A benefit of our digital music-making world is that in the right hands, it can take very little to do a lot. Lumi, the new release from K (aka Ivan Kamaldinov), was made using “a laptop, two midi controllers, and [an] iPod Touch 4 microphone for taking field recordings.” From that stepping-off point, Kamaldinov proceeds to give us work that is quiet yet dense with texture, calming overall but with the right amount of edge to keep us alert and paying attention. The texture most often comes in the form of small, static-like crackles that tickle the ear. On “Two,” combined with infrequent snaps, the impression is of the sound of a small fire. Long, brooding pads fill the atmosphere darkly. On “Six” the textures take on something of the feel of creaking wood; a washed-through sound in the background whispers like water, the overall effect that of being adrift. Sharp tones and moments of dissonance lend a mildly unnerving edge. In other spots, the textures fade and the slow drifts set about the business of lulling you into a quieted state. “Four” and “Five” blend to carve out more than 20 minutes of ambient bliss. “Five” catches your ear with reverse-echo-style tones over trembling pads. There is quite a bit of music here—the eight tracks cover 81 minutes, but the time passes in a haze. The texture work is kind of the star of the show here; it adds interest, tension, and imagery, all without ever being interruptive. It provides the listener with a viable reason to take a deep dive into the sound, but the album as a whole makes for a perfect ambient looping piece. Very much worth grabbing.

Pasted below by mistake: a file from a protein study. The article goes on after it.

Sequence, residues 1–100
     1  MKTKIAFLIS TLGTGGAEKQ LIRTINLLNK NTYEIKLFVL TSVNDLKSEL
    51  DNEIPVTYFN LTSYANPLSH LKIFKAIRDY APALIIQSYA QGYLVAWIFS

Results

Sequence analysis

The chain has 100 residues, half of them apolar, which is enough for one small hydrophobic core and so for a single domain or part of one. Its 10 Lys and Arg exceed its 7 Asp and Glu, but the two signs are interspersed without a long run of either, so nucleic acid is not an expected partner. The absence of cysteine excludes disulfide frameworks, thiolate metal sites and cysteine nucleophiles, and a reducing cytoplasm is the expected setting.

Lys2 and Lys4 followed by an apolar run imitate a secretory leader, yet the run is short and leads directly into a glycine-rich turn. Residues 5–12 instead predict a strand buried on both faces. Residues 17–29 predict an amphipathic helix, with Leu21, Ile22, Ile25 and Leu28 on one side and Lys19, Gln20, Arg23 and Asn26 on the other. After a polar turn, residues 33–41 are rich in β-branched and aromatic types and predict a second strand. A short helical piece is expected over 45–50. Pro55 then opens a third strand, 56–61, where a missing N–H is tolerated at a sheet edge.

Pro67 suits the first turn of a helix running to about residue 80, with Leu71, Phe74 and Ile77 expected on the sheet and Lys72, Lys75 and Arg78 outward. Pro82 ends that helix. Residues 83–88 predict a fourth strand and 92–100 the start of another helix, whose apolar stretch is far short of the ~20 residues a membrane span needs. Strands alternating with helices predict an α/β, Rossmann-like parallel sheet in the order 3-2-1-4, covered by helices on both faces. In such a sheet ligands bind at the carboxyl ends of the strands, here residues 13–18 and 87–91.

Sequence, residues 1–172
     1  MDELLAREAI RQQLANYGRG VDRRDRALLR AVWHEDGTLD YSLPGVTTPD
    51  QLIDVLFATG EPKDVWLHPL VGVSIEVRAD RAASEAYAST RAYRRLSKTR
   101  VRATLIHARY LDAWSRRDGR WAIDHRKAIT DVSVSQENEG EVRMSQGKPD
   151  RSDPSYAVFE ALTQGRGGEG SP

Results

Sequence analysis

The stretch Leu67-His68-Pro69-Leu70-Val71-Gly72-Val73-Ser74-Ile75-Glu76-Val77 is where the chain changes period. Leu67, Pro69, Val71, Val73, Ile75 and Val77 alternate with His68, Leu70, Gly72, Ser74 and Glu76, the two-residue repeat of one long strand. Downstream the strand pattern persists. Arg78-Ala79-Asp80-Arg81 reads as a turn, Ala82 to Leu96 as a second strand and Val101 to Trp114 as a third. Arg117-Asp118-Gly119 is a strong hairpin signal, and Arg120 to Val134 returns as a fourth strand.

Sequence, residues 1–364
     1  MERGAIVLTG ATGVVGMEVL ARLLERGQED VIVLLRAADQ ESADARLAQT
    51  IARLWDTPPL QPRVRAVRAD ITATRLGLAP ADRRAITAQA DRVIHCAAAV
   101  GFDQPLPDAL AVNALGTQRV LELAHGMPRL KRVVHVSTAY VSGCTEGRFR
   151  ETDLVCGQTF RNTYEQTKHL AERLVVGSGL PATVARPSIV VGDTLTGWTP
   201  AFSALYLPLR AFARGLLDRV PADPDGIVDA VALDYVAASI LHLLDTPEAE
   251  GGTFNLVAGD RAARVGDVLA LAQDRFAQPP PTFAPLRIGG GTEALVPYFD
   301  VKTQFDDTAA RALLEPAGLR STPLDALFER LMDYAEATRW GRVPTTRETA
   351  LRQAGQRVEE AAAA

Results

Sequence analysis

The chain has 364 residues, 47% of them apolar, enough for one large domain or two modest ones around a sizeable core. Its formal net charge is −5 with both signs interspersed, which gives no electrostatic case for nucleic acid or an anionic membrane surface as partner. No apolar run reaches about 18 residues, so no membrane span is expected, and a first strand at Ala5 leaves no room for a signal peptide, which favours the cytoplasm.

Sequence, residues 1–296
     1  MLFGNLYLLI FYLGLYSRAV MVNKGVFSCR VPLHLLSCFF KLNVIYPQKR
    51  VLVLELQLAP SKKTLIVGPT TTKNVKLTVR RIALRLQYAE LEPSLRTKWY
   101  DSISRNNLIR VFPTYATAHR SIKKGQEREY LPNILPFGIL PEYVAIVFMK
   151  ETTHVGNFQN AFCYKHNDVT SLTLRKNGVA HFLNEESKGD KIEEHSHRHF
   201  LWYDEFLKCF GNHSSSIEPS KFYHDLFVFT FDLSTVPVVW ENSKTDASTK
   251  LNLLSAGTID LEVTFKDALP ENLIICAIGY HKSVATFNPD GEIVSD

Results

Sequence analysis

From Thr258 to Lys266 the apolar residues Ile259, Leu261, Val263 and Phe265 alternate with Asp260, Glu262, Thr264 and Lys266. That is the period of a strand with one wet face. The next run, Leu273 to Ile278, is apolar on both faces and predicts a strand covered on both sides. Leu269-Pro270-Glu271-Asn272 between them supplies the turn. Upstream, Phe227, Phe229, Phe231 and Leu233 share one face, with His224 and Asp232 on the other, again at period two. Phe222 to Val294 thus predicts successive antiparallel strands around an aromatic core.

Available from Timbrae.